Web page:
The first leg of the long-delayed Second Avenue Subway isn't even open yet, but some politicians already are trying to ensure the next segment of the line is built. Transit reporter Jose Martinez has that story.

The rush is on for the MTA to open the long-awaited Second Avenue Subway.

"I want a miracle for Christmas, when New Yorkers get the Second Avenue Subway they were promised a hundred years ago," said Governor Andrew Cuomo.

But as workers race to meet the end-of-year-deadline to begin service to three new stations, an East Side congresswoman is looking ahead to the line's next stretch.

"We fought very hard not for a stubway, but for a subway," said Congresswoman Carolyn Maloney.

Transit planners have been dreaming about building the second avenue line since the 1920s.

Only one segment has been built — from 63rd to 96th street. The next phase would add two new stations at 106th and 116th streets,  and connect to the existing 125th Street station on the Lexington Avenue Line.

"We need to get that federal money and we need to get the benefits of the Second Avenue Subway, not only for the East Side but up to Harlem," Maloney said.

Maloney said the cost of next phase is estimated at $6 billion.

The state, which runs the MTA, has committed one and a half billion dollars of that —enough to begin design, environmental studies and community outreach for five years.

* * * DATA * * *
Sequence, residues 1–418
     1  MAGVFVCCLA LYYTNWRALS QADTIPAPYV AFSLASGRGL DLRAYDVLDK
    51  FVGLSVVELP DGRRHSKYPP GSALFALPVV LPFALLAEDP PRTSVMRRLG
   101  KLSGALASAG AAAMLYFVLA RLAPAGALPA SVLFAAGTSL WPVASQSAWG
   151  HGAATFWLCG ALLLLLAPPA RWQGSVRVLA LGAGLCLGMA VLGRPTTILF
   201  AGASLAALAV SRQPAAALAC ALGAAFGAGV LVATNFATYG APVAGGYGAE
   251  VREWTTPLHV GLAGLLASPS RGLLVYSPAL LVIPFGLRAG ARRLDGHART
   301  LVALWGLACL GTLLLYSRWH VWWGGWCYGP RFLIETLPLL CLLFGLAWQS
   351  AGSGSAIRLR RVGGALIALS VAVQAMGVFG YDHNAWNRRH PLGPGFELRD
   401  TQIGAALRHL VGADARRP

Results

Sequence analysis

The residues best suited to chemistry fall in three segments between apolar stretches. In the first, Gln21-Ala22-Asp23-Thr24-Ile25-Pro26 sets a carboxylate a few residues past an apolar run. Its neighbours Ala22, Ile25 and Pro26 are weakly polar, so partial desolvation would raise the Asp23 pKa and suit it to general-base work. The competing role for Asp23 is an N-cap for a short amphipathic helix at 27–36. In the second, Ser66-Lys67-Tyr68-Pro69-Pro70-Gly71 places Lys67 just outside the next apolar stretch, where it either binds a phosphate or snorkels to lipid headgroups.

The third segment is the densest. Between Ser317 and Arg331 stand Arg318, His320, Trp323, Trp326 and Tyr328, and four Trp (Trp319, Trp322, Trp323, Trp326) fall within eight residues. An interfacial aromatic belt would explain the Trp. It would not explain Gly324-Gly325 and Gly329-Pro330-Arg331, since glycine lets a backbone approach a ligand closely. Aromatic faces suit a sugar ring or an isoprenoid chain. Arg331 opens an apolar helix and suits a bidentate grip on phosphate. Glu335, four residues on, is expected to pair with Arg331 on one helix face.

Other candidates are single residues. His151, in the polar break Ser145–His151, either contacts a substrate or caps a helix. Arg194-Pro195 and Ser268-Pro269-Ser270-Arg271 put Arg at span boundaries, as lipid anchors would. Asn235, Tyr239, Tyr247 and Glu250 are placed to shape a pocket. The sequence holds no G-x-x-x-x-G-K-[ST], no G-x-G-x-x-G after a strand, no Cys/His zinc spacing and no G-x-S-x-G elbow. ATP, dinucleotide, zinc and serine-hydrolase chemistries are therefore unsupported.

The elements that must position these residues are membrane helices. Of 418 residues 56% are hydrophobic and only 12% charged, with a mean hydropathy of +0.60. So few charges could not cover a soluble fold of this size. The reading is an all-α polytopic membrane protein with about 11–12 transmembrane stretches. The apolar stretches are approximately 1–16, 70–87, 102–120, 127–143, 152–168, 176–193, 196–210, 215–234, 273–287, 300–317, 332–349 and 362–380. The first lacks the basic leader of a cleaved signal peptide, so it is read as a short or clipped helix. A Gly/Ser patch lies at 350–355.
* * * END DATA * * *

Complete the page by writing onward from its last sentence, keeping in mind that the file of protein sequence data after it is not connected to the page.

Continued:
The battle to get funding restored for the second phase of the project into the MTA's most recent Capital Plan showed just how tricky financing these jobs can be.

Most of the money now earmarked for the project was allocated only after East Harlem residents and politicians protested when funding was cut from an earlier version of the program.

"We've taken a great step in terms of making sure that a billion and a half is committed of state dollars to begin work on phase two but we know we can't get there alone," said Manhattan Assemblyman Robert Rodriguez.

And with the line about to start service — the head of the MTA agrees the agency shouldn't stop now.

"I don't think it's lost on anybody that you want to keep the momentum going forward, that we can start construction on the next phase as soon as possible," said MTA head Thomas Predergast.

But the question remains — where will the money come from.